In response to the questioning from the senators, Rep. Tulsi Gabbard (D-HI) wrote an op-ed defending the Knights of Columbus and characterized the line of questioning used against Buescher as "religious bigotry."
In his letter to students, Rhoades praised local Knights of Columbus councils.
"As Catholics, we are called by Christ to put our faith into action by works of mercy and charity," the bishop wrote. "The Knights in our diocese are exemplary in responding to this call with faith, zeal and dedication."
The University of Notre Dame is already home to Council 1477, the Knight's oldest college presence, dating back to 1910. The group is well-known on campus for selling steak sandwiches to tailgaters prior to football games, a tradition that has raised hundreds of thousands of dollars for local and national charities since it began in the 1970s.
In 1924, Notre Dame students, reportedly including members of the Knights, clashed with Indiana members of the Ku Klux Klan. The racist and anti-Catholic hate group was attempting to march through the streets of the nearby city of South Bend.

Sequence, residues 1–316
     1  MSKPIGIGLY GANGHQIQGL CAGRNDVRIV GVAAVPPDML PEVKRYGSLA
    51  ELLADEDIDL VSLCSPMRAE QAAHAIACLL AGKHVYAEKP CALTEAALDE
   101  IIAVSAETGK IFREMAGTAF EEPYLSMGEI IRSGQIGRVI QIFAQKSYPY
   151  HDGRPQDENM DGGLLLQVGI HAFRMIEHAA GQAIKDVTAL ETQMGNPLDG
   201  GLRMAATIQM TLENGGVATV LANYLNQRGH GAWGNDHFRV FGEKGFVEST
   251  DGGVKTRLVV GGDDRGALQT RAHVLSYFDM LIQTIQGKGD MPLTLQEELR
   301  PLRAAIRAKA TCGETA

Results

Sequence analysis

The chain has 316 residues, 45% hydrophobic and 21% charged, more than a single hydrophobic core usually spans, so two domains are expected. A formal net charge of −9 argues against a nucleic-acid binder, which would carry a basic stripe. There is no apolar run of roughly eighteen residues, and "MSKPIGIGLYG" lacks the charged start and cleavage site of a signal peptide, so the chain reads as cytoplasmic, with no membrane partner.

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According to some reports of the incident, as many as 500 students marched into the town to confront klansmen, tearing off their hoods and robes and engaging in open confrontation with the marchers. According to Notre Dame records, 6 students were arrested.
More recently, the figure of Christopher Columbus - in whose honor the fraternal society is named - has come under scrutiny on campus.
Last week, University of Notre Dame President Fr. John Jenkins C.S.C. announced that several 130-year-old murals featuring the life of Christopher Columbus would be covered up. Jenkins said that many people had "come to see the murals as at best blind to the consequences of Columbus's voyage for the indigenous peoples who inhabited this 'new' world and at worst demeaning toward them."